In a 2014 investigative feature, The Verge reported that, in 2005, one man became “irrational and violent” after spending nearly four hours in the lodge. Ray “refused to call 911, and argued loudly” with the owner of the ranch when she called an ambulance to take the man to the hospital.

According to court documents, two people hired to manage Ray’s sweat lodge ceremonies testified in trial that participants had previously passed out and exhibited other symptoms of heat stroke, like vomiting.

The Verge also noted that a woman committed suicide during one of Ray’s programs in 2009, jumping to her death from the fourth story of a San Diego shopping mall.

…And that is where this brief attempt at journalism terminates.

When I asked about the incident, Ray said he had assigned a “resourcefulness exercise” to a group of followers that involved dressing up like homeless people and trying to get a meal at a shopping mall without paying for it.

“The intention was to give them some rapport with people who are in that state all the time,” he said. He had not met the woman personally before the event and was “shattered” when he received a call that she was dead. (Emphasis added)

I’ve heard plenty of lies from Ray about Colleen’s death, and catalogued them here, but that is a new one.

Ray did not “receive a call that she was dead”. That is a straight up lie, and Crocker believed him and simply reported it as fact. The whole sickening sequence of events is shown in a detailed timeline here. It was pieced together slowly over several years, mostly by the great activist blogger “Salty Droid” from a multitude of verified sources.

This video put together by “Salty Droid” mixes Ray’s promotional video for his “Creating Absolute Wealth” event, and news interviews with Colleen’s parents, a former employee, and the participant mentioned above who saw Colleen die. 

Why does Lizzie Crocker think Ray concealed Colleen’s death from participants?

Ray did not “receive a phone call”. His staff called the shopping mall’s security firm 8 hours after Colleen’s death. How did they know to call the mall security? Because a staff member, Greg Hartle, saw Colleen die at the mall. He even took the bizarre step of tweeting about it, probably to make it look like he didn’t know it was a participant. Colleen had traveled to the mall on the same bus as Ray, and Ray knew he didn’t need to wait for her when they were leaving. They went back to the seminar house and lied to participants that they “knew where Colleen is, she is safe and will not be returning to the group”. They had a big party, with participants celebrating their “breakthroughs”, unaware that one of their colleagues was lying dead in the morgue, identified only as Jane Doe, because Ray’s staff had collected her ID.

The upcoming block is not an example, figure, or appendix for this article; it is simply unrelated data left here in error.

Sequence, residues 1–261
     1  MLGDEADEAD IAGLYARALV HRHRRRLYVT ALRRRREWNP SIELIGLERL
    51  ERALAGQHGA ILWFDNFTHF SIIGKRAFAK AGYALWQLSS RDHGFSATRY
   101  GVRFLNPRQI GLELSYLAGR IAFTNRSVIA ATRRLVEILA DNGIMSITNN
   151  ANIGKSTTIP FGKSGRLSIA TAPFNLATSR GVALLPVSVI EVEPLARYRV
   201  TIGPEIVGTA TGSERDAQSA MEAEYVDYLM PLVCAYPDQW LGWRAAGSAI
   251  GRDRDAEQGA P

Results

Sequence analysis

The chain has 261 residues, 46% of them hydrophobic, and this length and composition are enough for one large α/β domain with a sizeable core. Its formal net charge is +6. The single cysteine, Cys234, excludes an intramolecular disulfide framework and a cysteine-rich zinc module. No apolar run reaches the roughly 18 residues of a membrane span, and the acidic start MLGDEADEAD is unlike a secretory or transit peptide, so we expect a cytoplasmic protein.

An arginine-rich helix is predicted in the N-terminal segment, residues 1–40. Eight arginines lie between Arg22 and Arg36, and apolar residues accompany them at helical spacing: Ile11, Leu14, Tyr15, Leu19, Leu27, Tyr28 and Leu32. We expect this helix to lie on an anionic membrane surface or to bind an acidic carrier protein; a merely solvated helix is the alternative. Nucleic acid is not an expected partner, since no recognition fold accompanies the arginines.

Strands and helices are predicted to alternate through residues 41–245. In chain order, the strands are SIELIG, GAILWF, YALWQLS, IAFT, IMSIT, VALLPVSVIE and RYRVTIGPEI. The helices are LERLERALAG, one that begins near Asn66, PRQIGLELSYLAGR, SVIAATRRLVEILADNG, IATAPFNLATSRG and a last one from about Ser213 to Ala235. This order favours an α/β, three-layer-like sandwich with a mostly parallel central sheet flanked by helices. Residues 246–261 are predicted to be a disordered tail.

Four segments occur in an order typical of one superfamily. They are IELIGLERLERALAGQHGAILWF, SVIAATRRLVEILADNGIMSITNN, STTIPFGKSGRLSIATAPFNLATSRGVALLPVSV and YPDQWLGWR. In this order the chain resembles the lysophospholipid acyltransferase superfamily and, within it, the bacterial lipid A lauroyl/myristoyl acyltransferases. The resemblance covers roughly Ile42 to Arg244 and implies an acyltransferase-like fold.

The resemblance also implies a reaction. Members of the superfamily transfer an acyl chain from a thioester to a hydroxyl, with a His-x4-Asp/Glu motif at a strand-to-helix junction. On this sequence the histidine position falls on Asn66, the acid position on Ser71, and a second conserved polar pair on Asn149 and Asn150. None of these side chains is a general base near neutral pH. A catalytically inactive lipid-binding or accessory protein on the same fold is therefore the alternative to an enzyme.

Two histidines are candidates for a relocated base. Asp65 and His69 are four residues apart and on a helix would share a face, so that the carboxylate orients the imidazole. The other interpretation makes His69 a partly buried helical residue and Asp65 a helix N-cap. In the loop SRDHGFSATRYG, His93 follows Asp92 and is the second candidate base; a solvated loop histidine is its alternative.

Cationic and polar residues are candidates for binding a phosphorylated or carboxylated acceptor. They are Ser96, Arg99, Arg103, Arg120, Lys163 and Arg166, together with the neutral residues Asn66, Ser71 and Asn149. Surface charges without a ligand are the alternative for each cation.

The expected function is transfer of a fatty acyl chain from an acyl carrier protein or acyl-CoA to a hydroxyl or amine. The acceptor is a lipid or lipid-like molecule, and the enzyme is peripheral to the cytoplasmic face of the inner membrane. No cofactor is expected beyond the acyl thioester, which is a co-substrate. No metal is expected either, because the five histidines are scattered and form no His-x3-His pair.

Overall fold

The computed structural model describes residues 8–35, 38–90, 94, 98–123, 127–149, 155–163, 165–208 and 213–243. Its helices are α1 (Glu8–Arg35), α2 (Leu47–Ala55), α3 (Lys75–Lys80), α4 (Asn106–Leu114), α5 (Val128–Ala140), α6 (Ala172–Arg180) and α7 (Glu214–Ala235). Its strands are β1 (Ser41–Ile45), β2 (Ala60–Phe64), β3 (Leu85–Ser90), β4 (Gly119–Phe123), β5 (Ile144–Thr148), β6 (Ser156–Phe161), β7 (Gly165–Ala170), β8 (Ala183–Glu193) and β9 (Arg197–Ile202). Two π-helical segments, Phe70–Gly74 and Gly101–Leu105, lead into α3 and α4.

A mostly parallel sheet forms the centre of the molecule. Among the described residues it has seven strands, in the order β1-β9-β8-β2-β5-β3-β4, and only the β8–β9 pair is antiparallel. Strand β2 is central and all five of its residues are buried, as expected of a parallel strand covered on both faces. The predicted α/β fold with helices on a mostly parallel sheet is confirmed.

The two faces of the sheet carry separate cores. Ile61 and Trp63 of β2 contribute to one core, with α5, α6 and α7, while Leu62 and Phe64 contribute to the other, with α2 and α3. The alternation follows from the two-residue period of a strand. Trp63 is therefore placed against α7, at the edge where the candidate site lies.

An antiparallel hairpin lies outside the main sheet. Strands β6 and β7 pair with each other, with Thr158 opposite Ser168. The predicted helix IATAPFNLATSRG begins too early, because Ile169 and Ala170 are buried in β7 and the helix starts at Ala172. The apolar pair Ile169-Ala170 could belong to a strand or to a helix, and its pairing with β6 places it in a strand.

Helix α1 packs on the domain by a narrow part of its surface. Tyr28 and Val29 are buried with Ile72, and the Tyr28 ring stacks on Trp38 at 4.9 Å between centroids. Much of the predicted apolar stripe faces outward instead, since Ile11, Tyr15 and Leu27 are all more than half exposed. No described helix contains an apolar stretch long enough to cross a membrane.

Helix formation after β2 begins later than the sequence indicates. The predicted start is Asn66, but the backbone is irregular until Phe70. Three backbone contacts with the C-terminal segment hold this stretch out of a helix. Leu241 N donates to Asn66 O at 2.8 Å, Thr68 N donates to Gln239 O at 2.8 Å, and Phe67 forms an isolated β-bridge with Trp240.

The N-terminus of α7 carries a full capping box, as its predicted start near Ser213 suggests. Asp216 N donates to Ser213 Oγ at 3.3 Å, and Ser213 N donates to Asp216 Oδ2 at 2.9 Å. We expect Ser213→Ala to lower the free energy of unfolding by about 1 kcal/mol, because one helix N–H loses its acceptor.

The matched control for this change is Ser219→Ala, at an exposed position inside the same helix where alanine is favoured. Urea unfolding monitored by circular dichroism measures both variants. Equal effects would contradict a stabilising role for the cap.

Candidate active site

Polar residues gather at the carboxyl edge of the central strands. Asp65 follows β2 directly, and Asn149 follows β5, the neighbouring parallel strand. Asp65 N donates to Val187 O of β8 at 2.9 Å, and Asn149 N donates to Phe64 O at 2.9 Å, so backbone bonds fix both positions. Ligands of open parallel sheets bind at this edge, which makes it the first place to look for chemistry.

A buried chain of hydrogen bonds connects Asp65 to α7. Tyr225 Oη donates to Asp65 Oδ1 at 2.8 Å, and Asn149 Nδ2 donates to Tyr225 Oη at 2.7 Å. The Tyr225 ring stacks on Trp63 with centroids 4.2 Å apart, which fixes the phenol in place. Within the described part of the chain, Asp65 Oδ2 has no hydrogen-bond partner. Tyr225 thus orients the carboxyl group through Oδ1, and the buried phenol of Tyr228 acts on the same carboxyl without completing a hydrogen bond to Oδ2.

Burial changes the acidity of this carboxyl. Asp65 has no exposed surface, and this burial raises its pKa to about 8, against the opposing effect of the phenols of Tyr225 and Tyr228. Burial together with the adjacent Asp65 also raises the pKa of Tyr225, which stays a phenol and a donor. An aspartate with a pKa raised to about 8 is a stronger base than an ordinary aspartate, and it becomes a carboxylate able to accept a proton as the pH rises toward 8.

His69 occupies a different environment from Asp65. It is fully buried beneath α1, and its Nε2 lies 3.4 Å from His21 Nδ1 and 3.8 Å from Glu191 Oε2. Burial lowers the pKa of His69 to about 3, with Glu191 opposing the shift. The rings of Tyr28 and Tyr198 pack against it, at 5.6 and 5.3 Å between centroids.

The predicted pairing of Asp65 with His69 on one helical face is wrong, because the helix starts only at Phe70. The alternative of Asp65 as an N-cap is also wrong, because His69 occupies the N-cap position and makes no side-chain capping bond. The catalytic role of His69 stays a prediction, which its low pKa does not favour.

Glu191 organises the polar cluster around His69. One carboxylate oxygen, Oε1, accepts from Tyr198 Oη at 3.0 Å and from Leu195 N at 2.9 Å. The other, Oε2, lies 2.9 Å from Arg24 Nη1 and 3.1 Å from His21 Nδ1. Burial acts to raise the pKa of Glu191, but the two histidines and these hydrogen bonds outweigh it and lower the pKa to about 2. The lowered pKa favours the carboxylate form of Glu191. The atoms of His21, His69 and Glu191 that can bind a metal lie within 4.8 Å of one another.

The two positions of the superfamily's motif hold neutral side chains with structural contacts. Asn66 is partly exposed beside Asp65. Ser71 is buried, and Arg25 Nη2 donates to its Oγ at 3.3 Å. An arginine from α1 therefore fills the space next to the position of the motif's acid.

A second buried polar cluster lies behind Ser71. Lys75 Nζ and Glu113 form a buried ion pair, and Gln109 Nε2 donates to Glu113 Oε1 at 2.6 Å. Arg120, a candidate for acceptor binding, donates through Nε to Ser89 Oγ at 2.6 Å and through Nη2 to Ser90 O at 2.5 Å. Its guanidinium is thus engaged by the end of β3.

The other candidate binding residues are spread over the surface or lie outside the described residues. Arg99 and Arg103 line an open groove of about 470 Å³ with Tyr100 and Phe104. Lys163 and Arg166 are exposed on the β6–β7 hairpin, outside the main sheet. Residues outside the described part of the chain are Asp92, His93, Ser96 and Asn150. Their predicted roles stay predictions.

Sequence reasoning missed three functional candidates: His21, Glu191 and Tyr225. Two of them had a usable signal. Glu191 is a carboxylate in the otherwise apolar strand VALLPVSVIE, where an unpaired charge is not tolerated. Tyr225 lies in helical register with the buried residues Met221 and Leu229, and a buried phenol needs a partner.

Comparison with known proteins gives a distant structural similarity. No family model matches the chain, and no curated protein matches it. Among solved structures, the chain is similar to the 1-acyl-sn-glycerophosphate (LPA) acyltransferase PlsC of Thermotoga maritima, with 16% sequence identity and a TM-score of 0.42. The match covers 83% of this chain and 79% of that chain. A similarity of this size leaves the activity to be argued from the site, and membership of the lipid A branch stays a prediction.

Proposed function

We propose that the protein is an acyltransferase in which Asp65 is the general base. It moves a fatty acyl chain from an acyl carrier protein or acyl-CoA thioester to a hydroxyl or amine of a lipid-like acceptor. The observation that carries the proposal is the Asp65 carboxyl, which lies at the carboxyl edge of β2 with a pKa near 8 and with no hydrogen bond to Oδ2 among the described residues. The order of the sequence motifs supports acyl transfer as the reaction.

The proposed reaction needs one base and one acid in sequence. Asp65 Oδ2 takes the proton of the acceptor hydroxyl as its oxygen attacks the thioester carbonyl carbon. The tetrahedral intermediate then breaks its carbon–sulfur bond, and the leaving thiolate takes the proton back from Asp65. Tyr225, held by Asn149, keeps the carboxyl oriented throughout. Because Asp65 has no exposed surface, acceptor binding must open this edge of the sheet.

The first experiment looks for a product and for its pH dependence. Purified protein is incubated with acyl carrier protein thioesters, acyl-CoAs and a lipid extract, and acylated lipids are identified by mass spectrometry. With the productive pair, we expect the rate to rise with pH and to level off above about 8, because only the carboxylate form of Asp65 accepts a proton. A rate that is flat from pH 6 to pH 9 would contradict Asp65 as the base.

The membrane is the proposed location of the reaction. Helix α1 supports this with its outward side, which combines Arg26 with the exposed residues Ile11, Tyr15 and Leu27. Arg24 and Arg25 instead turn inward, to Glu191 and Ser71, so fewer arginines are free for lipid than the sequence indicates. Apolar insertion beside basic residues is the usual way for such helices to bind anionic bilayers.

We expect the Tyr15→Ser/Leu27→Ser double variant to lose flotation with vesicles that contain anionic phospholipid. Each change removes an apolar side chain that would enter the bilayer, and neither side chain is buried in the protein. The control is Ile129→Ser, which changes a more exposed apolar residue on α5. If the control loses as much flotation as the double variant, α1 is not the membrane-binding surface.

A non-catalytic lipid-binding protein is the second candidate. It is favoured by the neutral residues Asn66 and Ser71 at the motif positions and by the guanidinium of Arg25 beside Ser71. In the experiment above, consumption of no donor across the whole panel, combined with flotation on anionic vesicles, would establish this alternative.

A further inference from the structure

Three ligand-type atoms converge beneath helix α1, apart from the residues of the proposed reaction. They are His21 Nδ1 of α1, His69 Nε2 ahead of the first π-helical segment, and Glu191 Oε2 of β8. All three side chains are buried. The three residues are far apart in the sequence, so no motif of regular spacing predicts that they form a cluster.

Then staff member Michelle Goulet left the party, first to leave a message on Colleen’s cell phone — even though she knew Ray’s staff had collected it. (All the other participants had got their possessions back, except Colleen. Listen to the message here.) And then she left the party again to call mall security. Throughout the night she and other staff members were partying and ducking out to fax Colleen’s ID to the hospital so they could identify her and eventually call her family in the middle of the night.

“I don’t want to talk about all the details because I don’t know them for sure, but she was obviously an unhappy individual,” he told me. “It’s heartbreaking. I don’t believe those things happen in an instant. They build up over time.”

Colleen is dead, so she can’t tell Crocker that Ray is lying about her. But Colleen’s family are still alive and have talked extensively with the media. Lizzie Crocker didn’t bother to talk to them.

Colleen was not suicidal when she went to the group. She had gone to Ray because she wanted to live a better life. As noted earlier, she had also booked and paid for the infamous “Spiritual Warrior” event two months later, at which Ray cooked three people to death. Had she survived her first Ray event, would she have survived her second?

When Colleen’s family collected her car from the airport, they found that she had packed a snack for the drive home. That is not suicidal behavior.

Disgracefully, Ray’s staff lied to the San Diego Police about the circumstances of Colleen’s death, and it was swiftly declared a suicide, and the case was closed. Many campaigned to have the case re-opened, including Senator Amy Klobuchar (from Colleen’s home state), but despite new evidence indicating Ray’s culpability, they refused. Ray’s $5 million attorneys managed to prevent it from being mentioned in Ray’s later trial, but it was investigated by the trial prosecutors and is on the record. Ray himself has given numerous contradictory accounts of the events privately to his customers.